Janis is a licensed professional counselor in Washington, DC. Areas of specialty include grief, loss, life transition, and trauma recovery.
Defending the Behavior of Karen
Thomas G. Plant, Ph.D., ABPP is a licensed psychologist and professor of psychology and psychiatry at two prominent universities in California. He has in recent weeks posted on his Twitter account and shared his expertise in media interviews about the “Karen” phenomenon where white women are using their white privilege to be verbally confrontational to people of color in public. He rightfully called out the behavior and has shed light on the issue during these tumultuous times of heightened racial tensions and blatant injustices toward African American citizens.
But for some reason, Dr. Plante changed course and wrote an article for Psychology Today about the extreme responses these women are receiving on social media and how it makes all of us look bad when we “vilify Karen.” Many mental health professionals have sounded off about the tone of his article. I read the article and felt insulted and minimized as a Black woman. As a licensed professional counselor, I’d like to sound off and rebut Dr. Plante’s position that these women deserve mercy from the public and that people should focus on forgiveness, compassion, and reconciliation rather than express their outrage at Karen in the form of verbal threats and attacks, video recordings and social media posts.
Minimizing the Core Issue of White Supremacy
In his first paragraph, Dr. Plante said that Karen often, but not always, confronts people of color. I did not get the point of needing to say “but not always” as if to say it’s not just people of color; other people are treated poorly by Karen, too. That initial minimization did not sit well with me, in the very first paragraph, prompting a raised eyebrow.
A similar qualifier statement was made in the second paragraph where Dr. Plante states that while many of the examples of Karen that we’ve seen in the news media are clearly racist, many are not. He says many are just Karen exhibiting entitled, demanding behavior. I would argue that the sense of entitlement and demanding behavior, regardless of the situation, comes from the same dark place. The entitlement is undergirded by superiority which stems from white superiority so it’s all the same. He should not attempt to separate it, tone it down, or minimize the origins of white privilege which is a manifestation of intrinsic racism and white supremacy. The same construct is at work even when Karen is raging at a white person as she sends the message, “I’m better than you.”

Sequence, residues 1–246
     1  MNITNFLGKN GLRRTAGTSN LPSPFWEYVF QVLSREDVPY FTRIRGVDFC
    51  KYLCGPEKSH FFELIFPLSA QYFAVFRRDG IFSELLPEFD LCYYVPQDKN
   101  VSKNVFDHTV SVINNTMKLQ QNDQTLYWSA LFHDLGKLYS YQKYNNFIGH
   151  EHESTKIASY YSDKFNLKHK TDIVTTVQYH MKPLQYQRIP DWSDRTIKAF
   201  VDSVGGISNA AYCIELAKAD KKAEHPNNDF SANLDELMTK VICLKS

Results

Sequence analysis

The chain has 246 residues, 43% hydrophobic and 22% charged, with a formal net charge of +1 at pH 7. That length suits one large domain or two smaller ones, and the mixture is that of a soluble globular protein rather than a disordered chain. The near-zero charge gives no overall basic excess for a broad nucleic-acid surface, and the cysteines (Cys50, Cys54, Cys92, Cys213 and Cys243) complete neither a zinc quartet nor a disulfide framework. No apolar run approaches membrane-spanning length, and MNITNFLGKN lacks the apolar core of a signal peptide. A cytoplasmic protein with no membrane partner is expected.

While many of these "Karen" examples are certainly unacceptably and inexcusably racist, many are not and are often entitled and demanding behavior.
— Thomas G. Plante, Ph.D., ABPP
Karen Must Take Responsibility
The next paragraph of the article reveals Dr. Plante’s his sympathy for Karen as victim, referring to the judgment she receives for her behavior and the unfair consequences that ruin her life. I refuse to take responsibility for someone’s ruined life when it was their privilege that made them think there would be no consequences to their behavior. Furthermore, I would counter that these consequences for intentional behavior do not compare to the threats, lynching of black bodies, verbal assaults, and denial of employment endured by African Americans in this country for hundreds of years. Those consequences did not occur as a result of any bad behavior. They occurred simply because they were black.
Dr. Plante refers to the “mob mentality” as a bad trend. I would say the expression of white superiority exhibited by all of these Karens is a very bad trend. I’m taking issue with more focus being placed on the reaction to bad racist behavior rather than on the behavior itself. Again, it minimizes the initial aggressor and makes excuses for not focusing on the real issue: white privilege and white superiority. Let me clearly state that I do not endorse trolls or vile troll behavior on social media. Nor do I condone death threats under any circumstance. But for Dr. Plante to scold people for “demonizing” a Karen or Ken for acting demon-like is just . . . out of pocket.
Being Accountable for White Privilege
Dr. Plante proposes that instead of attacking and shaming Karen on social media and threatening to take her job, we should regard what we experience as “perceived social transgressions,” and that we might act like that online, too. Wait. What? Are you insinuating that Karen really didn’t mean to be so racist? That we all have the tendency to be mean and hateful? Now you, Dr. Plante, are committing a micro-aggressive, gas-lit assault against every person of color who read that paragraph. You would rather we come together and try to converse about it. Do you really think Karen, who is more likely than not, operating from a position of privilege and white superiority, is going to listen and take heed to “respectful corrective feedback and the calling out of her bad behavior?”